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Sustainable crop intensification: Capturing opportunities in a highly variable climate with relay crops

Joseph X Eyre1, John P Dimes1, Howard Cox1 and Daniel Rodriguez2

1Agri-Science Queensland, Department of Agriculture, Fisheries & Forestry (DAFF), PO Box 102, Toowoomba, Qld 4350 Australia.

2 Queensland Alliance for Agriculture and Food Innovation (QAAFI), University of Queensland, St Lucia, Qld 4072 Australia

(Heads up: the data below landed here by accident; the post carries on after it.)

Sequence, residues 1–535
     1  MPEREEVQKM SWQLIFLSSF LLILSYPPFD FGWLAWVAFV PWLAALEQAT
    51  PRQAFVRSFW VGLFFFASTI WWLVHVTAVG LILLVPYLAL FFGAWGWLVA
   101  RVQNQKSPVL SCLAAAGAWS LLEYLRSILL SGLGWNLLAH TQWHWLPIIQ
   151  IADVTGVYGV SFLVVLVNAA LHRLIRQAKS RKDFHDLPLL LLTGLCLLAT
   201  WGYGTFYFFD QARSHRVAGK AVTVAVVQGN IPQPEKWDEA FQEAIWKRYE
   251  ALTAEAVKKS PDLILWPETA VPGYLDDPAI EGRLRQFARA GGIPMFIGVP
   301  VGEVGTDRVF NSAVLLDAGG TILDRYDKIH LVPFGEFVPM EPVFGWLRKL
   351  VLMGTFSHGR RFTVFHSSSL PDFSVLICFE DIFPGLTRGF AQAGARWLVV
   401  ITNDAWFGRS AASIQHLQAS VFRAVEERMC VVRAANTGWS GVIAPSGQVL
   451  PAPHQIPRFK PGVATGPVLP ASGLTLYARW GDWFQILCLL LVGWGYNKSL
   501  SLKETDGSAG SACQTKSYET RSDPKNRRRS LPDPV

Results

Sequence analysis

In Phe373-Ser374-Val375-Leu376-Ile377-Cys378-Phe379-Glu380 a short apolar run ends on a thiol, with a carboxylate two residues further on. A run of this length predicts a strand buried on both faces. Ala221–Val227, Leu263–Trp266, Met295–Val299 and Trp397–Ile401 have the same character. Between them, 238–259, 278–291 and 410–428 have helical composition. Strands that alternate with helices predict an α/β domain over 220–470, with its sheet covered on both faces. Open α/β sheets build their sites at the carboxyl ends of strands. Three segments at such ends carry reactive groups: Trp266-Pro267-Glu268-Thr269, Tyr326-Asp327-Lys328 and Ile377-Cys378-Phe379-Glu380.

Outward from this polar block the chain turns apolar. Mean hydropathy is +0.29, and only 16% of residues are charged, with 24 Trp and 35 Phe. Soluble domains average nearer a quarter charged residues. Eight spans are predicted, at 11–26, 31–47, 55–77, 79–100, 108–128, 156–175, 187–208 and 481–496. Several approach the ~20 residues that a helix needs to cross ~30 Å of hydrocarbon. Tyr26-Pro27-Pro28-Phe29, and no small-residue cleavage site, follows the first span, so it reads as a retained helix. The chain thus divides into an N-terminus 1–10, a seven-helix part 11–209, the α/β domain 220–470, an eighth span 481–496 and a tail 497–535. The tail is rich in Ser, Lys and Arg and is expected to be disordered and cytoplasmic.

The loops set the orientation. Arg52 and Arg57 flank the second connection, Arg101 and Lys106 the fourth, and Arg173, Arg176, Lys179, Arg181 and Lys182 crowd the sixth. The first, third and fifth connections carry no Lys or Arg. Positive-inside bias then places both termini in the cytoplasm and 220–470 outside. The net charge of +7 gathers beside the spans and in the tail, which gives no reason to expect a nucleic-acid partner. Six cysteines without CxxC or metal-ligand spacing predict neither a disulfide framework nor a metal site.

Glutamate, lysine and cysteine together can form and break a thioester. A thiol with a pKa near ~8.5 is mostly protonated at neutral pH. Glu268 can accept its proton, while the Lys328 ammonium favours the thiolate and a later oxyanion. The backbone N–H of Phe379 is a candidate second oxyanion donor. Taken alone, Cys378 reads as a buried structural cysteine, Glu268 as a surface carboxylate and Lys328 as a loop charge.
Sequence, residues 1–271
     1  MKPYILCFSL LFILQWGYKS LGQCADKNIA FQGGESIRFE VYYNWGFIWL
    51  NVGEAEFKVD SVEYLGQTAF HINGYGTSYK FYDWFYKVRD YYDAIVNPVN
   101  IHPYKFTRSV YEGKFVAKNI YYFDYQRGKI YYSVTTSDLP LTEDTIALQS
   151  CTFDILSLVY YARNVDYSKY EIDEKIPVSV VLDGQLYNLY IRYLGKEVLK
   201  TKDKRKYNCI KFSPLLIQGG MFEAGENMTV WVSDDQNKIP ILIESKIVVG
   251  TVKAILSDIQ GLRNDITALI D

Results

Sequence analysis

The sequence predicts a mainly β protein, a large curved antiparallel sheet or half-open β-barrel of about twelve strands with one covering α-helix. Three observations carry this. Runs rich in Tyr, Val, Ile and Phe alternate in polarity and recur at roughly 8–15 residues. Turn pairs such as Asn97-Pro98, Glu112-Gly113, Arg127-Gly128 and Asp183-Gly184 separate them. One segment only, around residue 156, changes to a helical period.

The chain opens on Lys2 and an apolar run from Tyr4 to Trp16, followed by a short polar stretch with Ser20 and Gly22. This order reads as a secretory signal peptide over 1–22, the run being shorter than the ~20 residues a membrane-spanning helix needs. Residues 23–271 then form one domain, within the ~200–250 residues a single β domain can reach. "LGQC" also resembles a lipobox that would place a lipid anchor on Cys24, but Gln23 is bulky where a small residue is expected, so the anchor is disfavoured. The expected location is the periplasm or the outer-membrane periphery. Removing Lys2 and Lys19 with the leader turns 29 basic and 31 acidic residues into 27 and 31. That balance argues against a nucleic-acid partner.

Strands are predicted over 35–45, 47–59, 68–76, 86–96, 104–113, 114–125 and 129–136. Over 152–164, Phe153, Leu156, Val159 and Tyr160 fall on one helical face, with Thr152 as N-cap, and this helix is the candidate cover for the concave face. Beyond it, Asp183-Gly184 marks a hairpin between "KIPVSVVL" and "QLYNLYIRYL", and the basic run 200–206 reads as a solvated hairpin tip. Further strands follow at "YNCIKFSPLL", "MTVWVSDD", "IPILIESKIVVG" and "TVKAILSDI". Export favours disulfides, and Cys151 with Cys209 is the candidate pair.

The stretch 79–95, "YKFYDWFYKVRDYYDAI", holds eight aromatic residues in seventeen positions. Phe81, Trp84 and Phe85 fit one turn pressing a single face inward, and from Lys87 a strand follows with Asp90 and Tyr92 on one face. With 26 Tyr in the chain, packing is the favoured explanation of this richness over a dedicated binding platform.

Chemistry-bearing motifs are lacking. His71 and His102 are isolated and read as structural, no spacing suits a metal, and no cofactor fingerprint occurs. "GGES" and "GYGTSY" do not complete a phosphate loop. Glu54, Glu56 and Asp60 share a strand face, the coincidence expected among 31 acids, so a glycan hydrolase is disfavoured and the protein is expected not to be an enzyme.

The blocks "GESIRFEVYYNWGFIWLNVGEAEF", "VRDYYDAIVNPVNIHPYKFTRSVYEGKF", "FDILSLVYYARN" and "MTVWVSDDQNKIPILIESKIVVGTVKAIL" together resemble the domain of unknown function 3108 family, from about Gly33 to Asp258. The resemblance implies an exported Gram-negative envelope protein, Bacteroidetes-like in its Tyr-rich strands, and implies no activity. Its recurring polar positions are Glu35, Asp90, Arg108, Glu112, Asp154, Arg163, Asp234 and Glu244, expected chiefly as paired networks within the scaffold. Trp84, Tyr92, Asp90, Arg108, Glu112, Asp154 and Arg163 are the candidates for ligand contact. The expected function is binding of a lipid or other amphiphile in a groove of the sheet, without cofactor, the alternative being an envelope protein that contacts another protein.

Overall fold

Rainfall in Australia’s northern grains region is mostly summer dominant and highly variable driving the high variability in grain yield. Efficient capture and utilisation of rainfall is essential for future increases in production per unit land, to mitigate food insecurity and to increase return on investment. However, agronomic decisions such as plant population, row width and cultivar selection typically target initial plant available water and median to sub-median in-crop rainfall with a view to manage economic risk. Subsequently maximum yield potentials are limited, weeds can proliferate, soil may erode and sub-potential economic returns are achieved in seasons with above average in-crop rainfall. Experiments on maize-mungbean cropping systems in Queensland indicate that sowing mungbean opportunistically into standing post-anthesis maize (i.e. relay cropping) in high rainfall seasons can increase productivity. Importantly the opportunistic mungbean crop did not influence the yield of the primary maize crop. Intra-specific competition decreased as relay crops were sown at progressively later maize phenological stages and consequently mungbean yields increased. Mungbean relay sown into post-anthesis maize produced similar or higher yields than sole cropped mungbeans. We propose that the basis of yield gains observed in this maize-mungbean cropping system could similarly be adapted to a biologically and mechanically feasible wheat-legume relay cropping system for the northern grains region.

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